Excerpts from reader commentary on News stories and staffers' online blog postings last week. Online comments come from registered users, but comments to the blogs can be posted under pen names.
SulliView: News Editor Margaret Sullivan's blog regarding New England Patriots quarterback Tom Brady's not so generous comment about Buffalo's hotels elicited much response,including this from Donmoran47:
I have traveled to many places in the states. The bottom line to this is that all of them have good and bad hotels. I think Brady is just trying to be cute at Buffalo's expense. The truth of the matter is Brady is the fool.
In all my travels, including Buffalo, I have found you get what you pay for. If the Patriots were not so financially conservative, they could find many amazing places to stay in Western New York.
clayblasde added this:
I don't think Brady's remarks were meant to be malicious. For some odd reason, people who have been burned with a dumpy, dirty hotel room have a tendency to recall those conditions many years later. Even after decades, people can often recall the details of why it was a dump. The same goes for hospitals. Those memories are scarred into people's memories. Before Buffalo circles the wagons, maybe we should ask people familiar with the hotel/motel in question if the places are actually dumpy. OMG, what if it's true?
Saving the air base: Following an article by News staff reporter Charlie Specht featuring efforts by Rep. Kathleen C. Hochul to save the Niagara Falls Air Reserve Station, Anthony Kissling of Buffalo wrote:
The Niagara Falls air base is one of the great treasures of the Buffalo Niagara region. It is as large as JFK in New York City, it is contiguous to Canada, has great roads, a good work force, plenty of older warehouse buildings, a good infrastructure, etc. It is perfect for a cargo airport for goods being imported into the United States from abroad. The savings over many other airports in New York, New Jersey and Massachusetts is enormous and the economic impact for this region would be tremendous. I think that this idea is something the governor and other think tanks should consider.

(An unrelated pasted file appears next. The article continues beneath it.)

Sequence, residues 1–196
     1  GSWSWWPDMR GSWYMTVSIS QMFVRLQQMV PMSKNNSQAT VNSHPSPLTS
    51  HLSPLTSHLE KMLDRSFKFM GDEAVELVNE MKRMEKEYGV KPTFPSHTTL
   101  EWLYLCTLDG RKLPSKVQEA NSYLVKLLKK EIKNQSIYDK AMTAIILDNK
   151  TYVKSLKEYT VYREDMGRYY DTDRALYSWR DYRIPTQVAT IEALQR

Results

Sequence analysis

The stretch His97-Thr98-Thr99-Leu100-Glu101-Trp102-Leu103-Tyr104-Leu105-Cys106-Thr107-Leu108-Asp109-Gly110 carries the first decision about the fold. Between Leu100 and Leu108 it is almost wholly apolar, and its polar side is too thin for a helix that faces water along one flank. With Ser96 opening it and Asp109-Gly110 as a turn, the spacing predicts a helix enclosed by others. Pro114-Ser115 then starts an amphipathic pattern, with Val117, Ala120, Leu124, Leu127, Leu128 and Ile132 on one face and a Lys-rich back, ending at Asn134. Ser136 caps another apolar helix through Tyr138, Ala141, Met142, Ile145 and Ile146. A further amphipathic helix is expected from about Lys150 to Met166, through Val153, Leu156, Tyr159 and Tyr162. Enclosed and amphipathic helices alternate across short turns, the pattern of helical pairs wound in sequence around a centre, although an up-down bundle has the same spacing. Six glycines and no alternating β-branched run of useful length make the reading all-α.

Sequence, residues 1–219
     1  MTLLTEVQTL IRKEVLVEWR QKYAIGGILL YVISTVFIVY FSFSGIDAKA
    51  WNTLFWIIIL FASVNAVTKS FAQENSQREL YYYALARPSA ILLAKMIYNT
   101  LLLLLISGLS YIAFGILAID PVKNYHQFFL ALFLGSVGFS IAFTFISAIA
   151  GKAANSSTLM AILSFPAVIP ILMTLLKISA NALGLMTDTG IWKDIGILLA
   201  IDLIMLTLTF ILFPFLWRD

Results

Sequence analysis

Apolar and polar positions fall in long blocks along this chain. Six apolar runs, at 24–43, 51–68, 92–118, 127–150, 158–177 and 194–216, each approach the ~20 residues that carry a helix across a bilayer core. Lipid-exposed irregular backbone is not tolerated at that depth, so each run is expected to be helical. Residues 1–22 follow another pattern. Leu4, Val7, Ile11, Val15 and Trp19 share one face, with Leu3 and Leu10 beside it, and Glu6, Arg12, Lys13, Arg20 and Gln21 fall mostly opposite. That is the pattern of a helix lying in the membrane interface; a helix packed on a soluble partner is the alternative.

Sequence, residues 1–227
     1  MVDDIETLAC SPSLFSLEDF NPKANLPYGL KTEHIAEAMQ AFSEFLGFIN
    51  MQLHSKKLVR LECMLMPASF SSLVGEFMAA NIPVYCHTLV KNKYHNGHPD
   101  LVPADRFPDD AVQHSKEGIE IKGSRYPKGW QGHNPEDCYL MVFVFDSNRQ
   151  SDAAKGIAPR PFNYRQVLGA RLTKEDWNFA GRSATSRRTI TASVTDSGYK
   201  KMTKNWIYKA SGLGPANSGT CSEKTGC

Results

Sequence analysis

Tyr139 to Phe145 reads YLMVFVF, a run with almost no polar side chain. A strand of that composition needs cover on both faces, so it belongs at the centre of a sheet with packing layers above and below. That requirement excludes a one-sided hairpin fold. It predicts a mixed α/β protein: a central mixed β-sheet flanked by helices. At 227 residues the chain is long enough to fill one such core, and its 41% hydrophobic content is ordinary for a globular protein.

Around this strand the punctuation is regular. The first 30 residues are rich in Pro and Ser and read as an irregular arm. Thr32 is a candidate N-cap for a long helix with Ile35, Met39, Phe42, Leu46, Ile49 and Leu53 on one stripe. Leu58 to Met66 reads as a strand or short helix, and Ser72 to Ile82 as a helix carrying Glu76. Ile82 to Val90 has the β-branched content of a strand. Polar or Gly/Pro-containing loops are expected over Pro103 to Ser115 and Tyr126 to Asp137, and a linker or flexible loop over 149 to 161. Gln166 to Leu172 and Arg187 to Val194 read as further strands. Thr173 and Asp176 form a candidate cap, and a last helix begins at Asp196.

Minimum wage: An article by News staff reporters David Robinson, Tom Precious and Emma Sapong on a proposal by Assembly Speaker Sheldon Silver to increase the state's minimum wage brought several comments, including this from Walter Reeves of West Seneca:
The United States should boost the minimum wage on a federal scale because it would not only help our lowest-paid workers but it would increase the entire economy. According to the Economic Policy Institute, every dollar increased in wages for a worker on the bottom rung of the pay scale creates more than $3,500 in new spending after one year. By increasing the minimum wage by only one dollar to $8.25 it would pump over $9 billion back into the economy. Cutting taxes to incentivize job creation is backward logic. Getting more money to the workers increases sales, which in turn increases jobs.
Chris Hayes of Asheville, N.C., had this to say:
It's a teeny step in the right direction teeny. Minimum wage should be about $13 an hour in all 50 states. I can just hear guys like Dubya Bush saying the idea is bad for business, but think for a minute here. If more and more of the bottom 99 percent earned higher wages, they would also be paying higher taxes more people paying higher taxes might translate into a tax cut for the businesses.
Name dropping: In response to an article by News staff reporter Stephen T. Watson on the practice by some public officials of putting their names on publicly owned property, Don Nowak of West Valley said:
Hats off to any official that refuses to participate in this exercise of excess ego and wasteful spending. I can see nameplates or stencils on offices, but the placing of one's name on signage in public places is both costly and unnecessary. As someone in the article stated, these are public properties which these officials manage, not own.